After adding FERRUGINOUS DUCK to my year list with relative ease, the birding was to become a bit more difficult as the afternoon went on. It is always a bad sign as you pull up on site to find every bird in a five mile radius flapping around in panic as a Peregrine passes through. In situations like this though it is always advisable not to replicate the mood of the fleeing birds by taking a deep breath and remaining calm. As the swirling flocks of Northern Lapwing and European Golden Plover started to settled back down in the corner of a flooded field near Great Heck, it was time to get scanning.
A single Egyptian Goose was found amongst a small group of Greylag Geese and a covey of 8 Grey Partridge was nice to see. The only other wader though was a single juvenile Ruff. As I continued the search I eventually picked up part of a face and the tail tip of a very pale plover species. The trouble was, the mystery shorebird was 90% obscured by a huge clod of mud. Luckily though there was an obvious European Golden Plover standing just a few feet away as a useful comparison, it had to be a moulting adult AMERICAN GOLDEN PLOVER (282). I managed to get all other birders onto it before I headed further down the lane to gain an improved perspective and the identification was finally clinched.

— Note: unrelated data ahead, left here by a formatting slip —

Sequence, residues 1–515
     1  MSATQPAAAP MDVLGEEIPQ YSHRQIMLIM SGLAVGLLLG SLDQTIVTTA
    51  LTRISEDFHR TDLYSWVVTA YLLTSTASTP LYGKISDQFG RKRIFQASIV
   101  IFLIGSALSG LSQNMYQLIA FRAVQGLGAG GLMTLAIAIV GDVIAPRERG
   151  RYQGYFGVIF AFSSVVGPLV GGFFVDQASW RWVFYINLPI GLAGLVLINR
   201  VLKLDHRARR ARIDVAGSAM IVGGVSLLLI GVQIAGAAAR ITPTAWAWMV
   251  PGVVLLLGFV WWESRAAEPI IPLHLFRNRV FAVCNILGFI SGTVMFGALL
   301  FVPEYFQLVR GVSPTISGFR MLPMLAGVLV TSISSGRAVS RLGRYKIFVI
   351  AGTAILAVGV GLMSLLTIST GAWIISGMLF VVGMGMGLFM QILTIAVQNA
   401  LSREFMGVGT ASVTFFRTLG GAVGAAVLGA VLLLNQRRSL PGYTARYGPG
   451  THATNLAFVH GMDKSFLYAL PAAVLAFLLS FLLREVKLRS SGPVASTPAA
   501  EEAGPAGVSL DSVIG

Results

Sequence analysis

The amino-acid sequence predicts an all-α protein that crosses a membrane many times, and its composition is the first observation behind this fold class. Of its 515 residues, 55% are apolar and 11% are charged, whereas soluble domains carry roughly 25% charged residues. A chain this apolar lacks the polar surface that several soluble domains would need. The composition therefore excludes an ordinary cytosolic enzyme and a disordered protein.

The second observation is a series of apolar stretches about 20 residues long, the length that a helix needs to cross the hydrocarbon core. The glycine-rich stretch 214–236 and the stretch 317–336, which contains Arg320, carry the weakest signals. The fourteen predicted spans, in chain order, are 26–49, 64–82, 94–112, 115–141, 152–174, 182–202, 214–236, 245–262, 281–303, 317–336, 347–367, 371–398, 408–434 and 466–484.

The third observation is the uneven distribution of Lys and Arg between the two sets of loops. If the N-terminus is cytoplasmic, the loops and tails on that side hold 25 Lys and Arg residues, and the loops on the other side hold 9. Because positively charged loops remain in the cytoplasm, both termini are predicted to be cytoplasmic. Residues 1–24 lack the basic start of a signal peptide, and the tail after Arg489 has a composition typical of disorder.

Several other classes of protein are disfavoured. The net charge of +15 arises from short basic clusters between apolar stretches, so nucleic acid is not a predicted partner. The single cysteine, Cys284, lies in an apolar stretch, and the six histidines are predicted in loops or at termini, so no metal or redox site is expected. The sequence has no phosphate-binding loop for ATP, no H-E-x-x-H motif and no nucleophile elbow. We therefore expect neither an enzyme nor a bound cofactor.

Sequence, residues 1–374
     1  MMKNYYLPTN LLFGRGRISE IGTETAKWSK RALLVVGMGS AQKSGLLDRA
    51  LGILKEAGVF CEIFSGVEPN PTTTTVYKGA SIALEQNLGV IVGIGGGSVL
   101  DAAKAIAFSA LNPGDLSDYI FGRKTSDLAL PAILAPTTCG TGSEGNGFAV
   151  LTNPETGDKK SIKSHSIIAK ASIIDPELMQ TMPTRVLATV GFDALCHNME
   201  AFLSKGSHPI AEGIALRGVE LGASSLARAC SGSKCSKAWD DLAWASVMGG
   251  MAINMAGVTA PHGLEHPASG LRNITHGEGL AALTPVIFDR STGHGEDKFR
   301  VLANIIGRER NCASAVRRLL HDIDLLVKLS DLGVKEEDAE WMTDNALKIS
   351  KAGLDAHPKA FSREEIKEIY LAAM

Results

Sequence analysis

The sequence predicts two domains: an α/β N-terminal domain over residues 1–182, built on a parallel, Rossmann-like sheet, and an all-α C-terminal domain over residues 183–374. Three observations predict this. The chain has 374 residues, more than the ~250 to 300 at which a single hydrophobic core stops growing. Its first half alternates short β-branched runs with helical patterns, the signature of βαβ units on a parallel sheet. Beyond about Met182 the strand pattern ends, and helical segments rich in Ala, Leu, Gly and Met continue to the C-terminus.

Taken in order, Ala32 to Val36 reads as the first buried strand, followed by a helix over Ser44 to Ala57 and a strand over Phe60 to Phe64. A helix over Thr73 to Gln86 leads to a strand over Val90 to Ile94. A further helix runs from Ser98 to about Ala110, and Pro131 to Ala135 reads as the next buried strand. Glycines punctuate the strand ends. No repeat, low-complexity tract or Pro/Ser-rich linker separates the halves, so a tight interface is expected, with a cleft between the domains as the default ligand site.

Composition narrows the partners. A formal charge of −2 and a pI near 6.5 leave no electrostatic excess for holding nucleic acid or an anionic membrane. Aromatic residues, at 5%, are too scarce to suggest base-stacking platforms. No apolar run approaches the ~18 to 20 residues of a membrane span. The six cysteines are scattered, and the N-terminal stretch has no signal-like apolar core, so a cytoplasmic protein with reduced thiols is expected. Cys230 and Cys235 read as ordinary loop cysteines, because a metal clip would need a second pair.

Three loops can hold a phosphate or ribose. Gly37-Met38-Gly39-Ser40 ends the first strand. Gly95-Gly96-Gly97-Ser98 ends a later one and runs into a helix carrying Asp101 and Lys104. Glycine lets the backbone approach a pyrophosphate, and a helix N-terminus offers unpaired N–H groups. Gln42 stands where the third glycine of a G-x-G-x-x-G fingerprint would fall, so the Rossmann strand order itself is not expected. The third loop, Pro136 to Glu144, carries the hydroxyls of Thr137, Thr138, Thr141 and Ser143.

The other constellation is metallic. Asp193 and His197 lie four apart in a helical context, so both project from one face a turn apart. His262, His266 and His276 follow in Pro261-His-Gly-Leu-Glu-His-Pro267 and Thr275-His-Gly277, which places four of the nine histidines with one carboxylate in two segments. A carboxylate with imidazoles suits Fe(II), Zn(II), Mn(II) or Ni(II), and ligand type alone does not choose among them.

The bird refused to stroll out into the open while we were on site but after another walk further along the road, the offending clod was eventually neutralised. The bird did not really associate with the nervous EUROPEAN GOLDEN PLOVER flock while we were on site. It also seems more camouflaged amongst its muddy environment than its Eurasian counterparts. To add to the elusiveness it also spent times crouched down low especially if a raptor passed overhead. If you are looking to pay the bird a visit my advice would be not to give up and try to view the plover groups from different sections of the lane.